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Imperial - Part 18
IMPERIAL – Part 18

Mid-Winter 1927 Butler Bros. Ad
Mid-Winter 1927 Butler Bros. Ad.

1927 Butler Brothers Wholesale Ad for Vintage Serving Tray: First appearance of these servers was in a 1927 Butler ad………late on the scene of carnival glass introductions.

VINTAGE Server in Marigold
VINTAGE Server in Marigold
IMPERIAL'S VINTAGE Center-handled Server in Smoke color
IMPERIAL'S VINTAGE Center - handled Server in Smoke color.

VINTAGE center-handled serving tray: shown here in marigold and smoke colors. The only other confirmed color is clambroth. Imperial factory catalogs illustrate this exterior design as part of their Grape line, designating the pattern to be #473. These servers vary in diameter from 9” to 12”. The edge of the server may be flat or slightly turned up at the edge. The flat version was marketed as a sandwich tray, while the other was advertised as a fruit plate. The quality of iridescence on these trays is excellent, and since they must have been good sellers during the twenties, you should not have much trouble locating one today.

Old Imperial factory catalogs list Waffle Block as #698. Carnival glass versions have been found in close to 20 different shapes to date. Since the molds were revived in the 1930s to produce non-iridized crystal and colored glassware, we know that the name Monticello was applied to non-iridized crystal.

WAFFLE BLOCK Cup and Saucer..
WAFFLE BLOCK Cup and Saucer.
WAFFLE BLOCK Creamer in Clambroth with Iron Cross on Bottom
WAFFLE BLOCK Creamer in Clambroth with Iron Cross on Bottom.
WAFFLE BLOCK Cup/Saucer:  At the time Carl O. Burns compiled his book on Imperial Glass in 1996, he noted that 15 shapes had been documented in carnival glass. At the same point in time, more than 40 additional shapes were known to have been created in non-iridized crystal. In the years since, we display evidence of the marigold cup and saucer, which was apparently unknown in 1996.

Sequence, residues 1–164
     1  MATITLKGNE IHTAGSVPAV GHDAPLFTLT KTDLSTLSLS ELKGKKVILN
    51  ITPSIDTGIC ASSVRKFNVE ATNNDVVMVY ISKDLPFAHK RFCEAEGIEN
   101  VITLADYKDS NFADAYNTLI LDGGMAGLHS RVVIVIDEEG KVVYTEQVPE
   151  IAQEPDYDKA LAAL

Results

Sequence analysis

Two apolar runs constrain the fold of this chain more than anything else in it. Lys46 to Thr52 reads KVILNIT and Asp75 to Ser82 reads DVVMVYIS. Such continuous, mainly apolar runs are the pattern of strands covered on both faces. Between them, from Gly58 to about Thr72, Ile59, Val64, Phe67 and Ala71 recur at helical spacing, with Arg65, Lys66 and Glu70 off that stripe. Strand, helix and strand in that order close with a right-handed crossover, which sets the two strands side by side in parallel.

WAFFLE BLOCK Creamer: A sugar and creamer are known, with colors in clambroth and marigold.

WAFFLE BLOCK Table Set. Butter Dish-4.5 in. high. Courtesy Remmen Auctions
WAFFLE BLOCK Table Set. - Courtesy Remmen Auctions
8.5 in. Clambroth WAFFLE BLOCK Bowl
8.5 in. Clambroth WAFFLE BLOCK Bowl.

WAFFLE BLOCK Table Set - marigold: A lone butter dish has sold in an obscure carnival glass auction in TN, said to have come from an estate of long standing. Now we have a complete table set from a more recent Remmen Auction to suggest that “perhaps” someone iridized some of the shapes produced from the “revived molds”?

WAFFLE BLOCK Round Bowl:  8 ½” bowl in clambroth. Also available in marigold.

7.5 in. Square WAFFLE BLOCK Bowl. marigold.
7.5 in. Square WAFFLE BLOCK Bowl. marigold.
WAFFLE BLOCK Bowl -10.5 in. diagonally x 3 in. deep
WAFFLE BLOCK Bowl -10.5 in. diagonally x 3 in. deep.
10 in. WAFFLE BLOCK Chop Plate
10 in. WAFFLE BLOCK Chop Plate.

WAFFLE BLOCK  Square Bowl:  7 ½” clambroth,  and certainly appearing to be of Imperial origin.

WAFFLE BLOCK  Square Bowl:  10 1/2” marigold offers another size in this famous pattern.

WAFFLE BLOCK Chop Plate:  This appears to be the flattened 8 ½” square bowl.

OCTAGON Wine in BLUE! - Mgld. Cordial
OCTAGON Wine in BLUE! - Marigold Cordial.

OCTAGON Cordial or Wine:  Imperial’s #505 pattern is documented in at least 23 carnival glass shapes! The one-ounce cordial is extremely rare. To date, it is known only in marigold and aqua. Rarely is a cobalt blue example found in any of Imperial’s carnival glass patterns, but the one shown does not answer the (ice blue) reference given to some shapes. Octagon is known to have been considerably reproduced during the 1960s and 1970s. A wide variety of shapes were made in marigold, smoke, helios, white, purple and red. All were signed with the IG trademark.

Unlisted OCTAGON Nappy, Clambroth
Unlisted OCTAGON Nappy, Clambroth.

OCTAGON Nappy: This single-handled nappy has been found only in marigold. It is so rare than this one found in a Wroda Auction is the first to be advertised in several years’ of many auctions! A rare-so-what? Odds are that it would not command the price of a “peacock”! (smile)

Dean & Diane Fry, 1/11

What we need to know about God and His will for us is clearly spelled out in Scripture. The words He spoke
through Moses to His people are true for us today. “For this commandment which I command you today is not too mysterious for you, nor is it far off…..But the word is very near you,
in your mouth and in your heart, that you may do it” (Deuteronomy 30:11,14).

The Bible isn’t a riddle; it’s a revelation. It tells us all we need to know to be all that God wants us to be in every situation in life. -- Haddon Robinson
Should you care to contact the Frys, their email address is:

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